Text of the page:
Arbitrating Competition Law Issues: A European and US Perspective
On the 12 June 2006 BIICL, in conjunction with SJ Berwin, held a conference focusing on the interrelation between international arbitration and competition law in the widest sense of the word. This conference, entitled 'Arbitrating Competition Law Issues: A European and US Perspective', was held at Gray's Inn and gathered academics and professionals with an international arbitration and/or competition law background (as well as corporate lawyers) for a detailed discussion of the challenges of arbitrating competition and merger-control-related issues at the dawn of the 21st century.
This seminar covered both the continental and the transatlantic approach to arbitrating competition law as well as merger control issues. Specific attention was given to the nascence of the so-called ex officio duty on part of the international arbitrator to raise competition law issues in order to secure the enforceability of his award within the European Union and its development since the ECJ's seminal ruling in Eco Swiss. The use and utility of the European Commission's recent practice to use international arbitration in remedy-related arbitrations within the framework of Articles 81/82 of EC Treaty and EC merger control also received particular attention.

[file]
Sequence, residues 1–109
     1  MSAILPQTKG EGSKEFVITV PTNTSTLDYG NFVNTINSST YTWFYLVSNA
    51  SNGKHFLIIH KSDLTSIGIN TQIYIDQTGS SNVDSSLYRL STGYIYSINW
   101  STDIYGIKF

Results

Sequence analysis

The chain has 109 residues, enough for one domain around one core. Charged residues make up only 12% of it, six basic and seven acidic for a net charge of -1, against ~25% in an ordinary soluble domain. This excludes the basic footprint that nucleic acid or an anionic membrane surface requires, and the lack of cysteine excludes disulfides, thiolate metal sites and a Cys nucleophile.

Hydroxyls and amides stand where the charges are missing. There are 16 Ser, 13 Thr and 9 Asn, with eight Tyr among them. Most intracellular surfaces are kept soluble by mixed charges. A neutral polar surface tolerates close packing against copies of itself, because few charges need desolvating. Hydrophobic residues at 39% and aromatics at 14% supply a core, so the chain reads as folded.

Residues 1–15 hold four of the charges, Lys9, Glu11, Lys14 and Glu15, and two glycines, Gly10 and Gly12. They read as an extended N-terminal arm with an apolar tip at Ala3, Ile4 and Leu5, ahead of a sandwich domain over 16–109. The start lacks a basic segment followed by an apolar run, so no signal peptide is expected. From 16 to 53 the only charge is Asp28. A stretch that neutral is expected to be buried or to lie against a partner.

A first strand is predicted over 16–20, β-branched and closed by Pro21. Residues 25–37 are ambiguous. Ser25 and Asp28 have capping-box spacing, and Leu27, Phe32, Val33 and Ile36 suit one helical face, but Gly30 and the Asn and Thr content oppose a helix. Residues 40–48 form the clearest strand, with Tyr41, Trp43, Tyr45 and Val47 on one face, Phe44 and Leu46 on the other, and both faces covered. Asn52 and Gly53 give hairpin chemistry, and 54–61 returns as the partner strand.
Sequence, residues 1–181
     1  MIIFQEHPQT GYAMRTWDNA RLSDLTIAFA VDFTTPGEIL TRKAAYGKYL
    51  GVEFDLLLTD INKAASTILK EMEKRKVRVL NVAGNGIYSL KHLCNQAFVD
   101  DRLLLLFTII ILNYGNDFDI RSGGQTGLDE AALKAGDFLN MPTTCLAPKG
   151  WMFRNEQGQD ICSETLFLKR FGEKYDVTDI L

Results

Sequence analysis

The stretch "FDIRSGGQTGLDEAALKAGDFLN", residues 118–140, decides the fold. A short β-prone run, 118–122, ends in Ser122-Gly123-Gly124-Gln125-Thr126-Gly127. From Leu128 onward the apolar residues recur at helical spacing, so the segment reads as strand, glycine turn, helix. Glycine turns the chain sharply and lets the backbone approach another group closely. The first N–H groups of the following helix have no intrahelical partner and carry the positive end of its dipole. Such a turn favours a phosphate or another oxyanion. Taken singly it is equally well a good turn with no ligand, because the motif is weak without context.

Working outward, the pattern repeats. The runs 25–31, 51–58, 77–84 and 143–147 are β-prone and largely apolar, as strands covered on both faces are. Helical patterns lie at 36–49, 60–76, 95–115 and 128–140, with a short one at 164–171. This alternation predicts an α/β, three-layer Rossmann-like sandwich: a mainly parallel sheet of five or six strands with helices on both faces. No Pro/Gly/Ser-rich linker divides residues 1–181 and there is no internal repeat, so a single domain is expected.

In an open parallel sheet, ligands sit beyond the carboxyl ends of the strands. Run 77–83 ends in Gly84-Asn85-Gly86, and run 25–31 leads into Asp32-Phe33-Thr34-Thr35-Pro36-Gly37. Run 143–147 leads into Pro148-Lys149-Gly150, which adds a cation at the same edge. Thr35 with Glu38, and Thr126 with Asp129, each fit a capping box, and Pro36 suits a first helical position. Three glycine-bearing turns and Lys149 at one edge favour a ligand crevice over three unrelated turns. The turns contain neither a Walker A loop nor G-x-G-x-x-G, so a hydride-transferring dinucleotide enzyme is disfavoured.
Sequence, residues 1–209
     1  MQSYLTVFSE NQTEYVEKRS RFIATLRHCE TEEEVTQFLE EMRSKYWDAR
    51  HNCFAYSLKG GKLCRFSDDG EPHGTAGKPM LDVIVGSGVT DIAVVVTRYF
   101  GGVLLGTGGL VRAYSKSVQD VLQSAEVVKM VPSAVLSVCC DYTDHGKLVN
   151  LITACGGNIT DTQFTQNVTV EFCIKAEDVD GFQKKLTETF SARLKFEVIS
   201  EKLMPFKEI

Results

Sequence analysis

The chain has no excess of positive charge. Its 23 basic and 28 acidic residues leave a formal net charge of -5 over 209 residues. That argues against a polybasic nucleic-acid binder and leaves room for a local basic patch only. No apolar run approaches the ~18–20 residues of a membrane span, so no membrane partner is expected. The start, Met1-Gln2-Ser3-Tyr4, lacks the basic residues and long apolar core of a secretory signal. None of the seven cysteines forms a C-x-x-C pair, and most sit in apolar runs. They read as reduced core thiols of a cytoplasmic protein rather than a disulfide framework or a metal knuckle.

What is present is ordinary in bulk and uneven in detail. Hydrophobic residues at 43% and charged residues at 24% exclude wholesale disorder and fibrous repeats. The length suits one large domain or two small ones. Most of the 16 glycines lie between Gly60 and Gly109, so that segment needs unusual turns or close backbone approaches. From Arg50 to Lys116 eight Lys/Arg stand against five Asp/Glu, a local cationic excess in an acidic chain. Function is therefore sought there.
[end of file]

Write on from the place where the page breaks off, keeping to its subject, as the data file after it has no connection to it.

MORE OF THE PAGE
Within this context, the role of the European Commission as amicus curiae in international arbitration proceedings and the resulting tension between private proceedings and the common role of the European Commission as the Community public prosecutor was discussed in greater depth. Consequently, the gradual transformation of international commercial arbitration and the emergence of the supranational arbitrator within the framework of Community-related arbitrations was highlighted.
Keynote speeches at his event were provided by: Dr Marc Blessing (BÃ¤r & Karrer); Professor Luca Radicati di Brozolo (UniversitÃ di Milano; Studio Bonelli Erede Pappalardo); Gordon Blanke (Intenational Arbitration Group, SJ Berwin LLP); Peter E Greene (Skadden Arps, Slate, Meagher & Flom LLP); Dr Johannes LÃ¼bking (Directorate-General for Competition, European Commission); Professor Dr Hans van Houtte (UniversitÃ© de Louvain); Michael Bowsher (Monckton Chambers); and Dr Renato Nazzini (Office of Fair Trading).
A discussion panel consisting of Sir David Edward KCMG (former Judge of the CFI and the ECJ and Vice-President of BIICL); Dr Phillip Landolt (Tavernier Tschanz); Dr Christoph Liebscher (Wolf Theiss); William Rowley QC (McMillan Binch Mendelsohn LLP and 20 Essex Street) followed these speeches and offered a critical reflection on the keynote speeches by reporting on their own experience and the (likely) approach taken by the respective institution they represent.
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